Thu, Aug 18, 2005, 11:22am
Many, like myself, rarely send comments to a website but I just had to say "Thank you!" This is a great story and I really appreciate that you have taken the time to document and share the information so that this important contribution is not forgotten.
Sun, Aug 21, 2005, 11:18am (CDT+14)
I visited you website when my father, Dean Schatz, who is younger brother of Lester J. Schatz told me of it. He said it was an emotional moment for him to see his brother among the TDY crew standing next to the Rivet Amber.
I flew out of Adak on Navy P-3s, so I can definitely identify with references to "The Twilight Zone." We stopped in Shemya occasionally, but all we knew of the island was what we could see from the aircraft while refueling. After hearing your story, I wish we would have explored the place further.
My compliments and thanks to you for the website. I'm anxious to see Lester and crew's name on the 55SRW memorial. Thanks again.
Ernie D. Schatz, USN (Ret)
Sun, Aug 28, 2005, 5:01pm (CDT+1)
The following is from former SSGT Jim Perleth.
I joined the USAF in January 1957. Following Basic Training and Tech School (Morse Intercept), I spent the rest of my time in USAFSS with the foillowing assignments:
Sep 57 - Sep 60 6986th, Wakkanai, Japan
Sep 60 - Mar 63 6988th, Yokota/Misawa./Yokota, Japan
Mar 63 - Mar 66 6916th, Rhein Main, Germany
Mar 66 - Feb 67 6949th, Offutt AFB, NE
My best friend at the 16th and 49th was "Benny" Benevides, lost on June 5, 1969 on Rivet Amber. The memories are many and great!
John D. Fay
Sun, Sep 4, 2005, 3:49pm (CDT-1)
This has got to be one of the most interesting sites I have ever found. My name is John D. Fay I was stationed at Forbes AFB from about 1958 to 1966 or 67. I was a crew chief with the 90th SRW, the 40th BW, and the 55th SRW. Actually the last few years were as senior controller in job control for the 40th, and 55th I managed to stay on flying status untill the 55th moved to Offut. All my flying time was on bombers and RB-47H's. After a couple of years at Offut I went to U-Tapao Thailand. I got out in 1968, spent a few years out and went back in the reserves at Carswell and ended up with 33yrs credit for pay. I have never flown on a RC-135, but have many hours in the pod on RB-47's as best as I can tell from this site our Tell Two's had basically the same mission as the two birds of this story. We also monitered nuclar tests I can very well remember while in the 40th BW helping crew chief's in the 55th install flash curtians for the first time in T_T's. Yesterday was my 66th birthday and you have given me one wonderful Birthday gift. NO WE WILL NEVER FORGET, and yes I have been to Eileson, but not the Rock. God Be With Us All, We Did One Hell Of A Job.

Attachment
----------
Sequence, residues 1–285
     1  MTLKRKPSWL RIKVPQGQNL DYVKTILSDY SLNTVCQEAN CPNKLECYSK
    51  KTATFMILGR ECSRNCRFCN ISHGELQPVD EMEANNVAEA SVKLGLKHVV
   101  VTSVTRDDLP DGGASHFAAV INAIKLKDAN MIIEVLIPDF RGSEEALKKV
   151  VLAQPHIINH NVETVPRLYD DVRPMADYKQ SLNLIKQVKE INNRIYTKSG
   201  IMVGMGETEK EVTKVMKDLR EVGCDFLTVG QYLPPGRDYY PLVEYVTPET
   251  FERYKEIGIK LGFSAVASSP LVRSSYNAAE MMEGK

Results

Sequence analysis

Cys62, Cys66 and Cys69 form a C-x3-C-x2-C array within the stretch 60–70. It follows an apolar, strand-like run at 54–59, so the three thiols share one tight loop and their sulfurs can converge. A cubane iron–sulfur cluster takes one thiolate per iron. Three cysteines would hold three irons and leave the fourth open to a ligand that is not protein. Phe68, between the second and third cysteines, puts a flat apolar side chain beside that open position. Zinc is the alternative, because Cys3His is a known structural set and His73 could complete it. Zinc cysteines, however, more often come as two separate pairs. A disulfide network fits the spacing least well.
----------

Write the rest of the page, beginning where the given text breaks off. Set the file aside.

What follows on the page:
John D. Fay SMSGT Ret.
Mon, Sep 5, 2005, 11:49am (CDT-2)
Hi KING, What a great job you have done on this great web page.
I was sent to Shemya 2 days after the start of the Korean war in June 1950. I was a corpral assigned to 1929th AACS Detachment and a Control Tower operator. As I was the SENIOR airman I was in charge for about 2 weeks until we got a M/Sgt out of Dover AFB.
We were one of the refueling stops in getting troops to Korea via the "Northern Route". About 24 hrs flying time from SF Bay area to Seattle to Anchorage to Shemya to Tokyo. There were many Contract Carriers flying troops to Tokyo at (I believe) $1,000 a head. When weather was "good" they mostly flew North, but later when it turned "bad" all except Northwest Airlines used the "Southern Route" via Hawaai and Wake which was about 40 hrs flying time. All in those days flying DC4's.
I was on Shemya about six weeks before I ever saw the Sun. There was SOOOO much fog that on three seperate occasions I saw DC4s actually touch down on GCA approach, then because they couldn't see where they were on the runway, give the gas to it and fly some 300 miles to Adak as an alternate.
On one occasion, there was a young Airman on Amchitka with a medical emergency. Our 10th Rescue B17 was to leave to fly him to Elmendorf hospital. In their haste to get airborne they forgot to take off the wing flap locks. They took off runway 28 and as soon as they were airborne of course realized had no control. Tried to set her back down, but ground looped of the left side of runway close to the old asphalt plant. No one was badly injured, but of course the plane was totaled.
Many great stories about Shemya, but I'm sure they would bore you. Your stories about Rivet Ball and others were both exciting and revealing. I never realized what went on there after I was transferred to Tyndall AFB in March 51, then later discharged in Aug 52.
3652 Atoll St.
San Diego, Ca 92111
Tel: (858) 278-3068
Fri, Nov 18, 2005, 12:21pm (CST+1)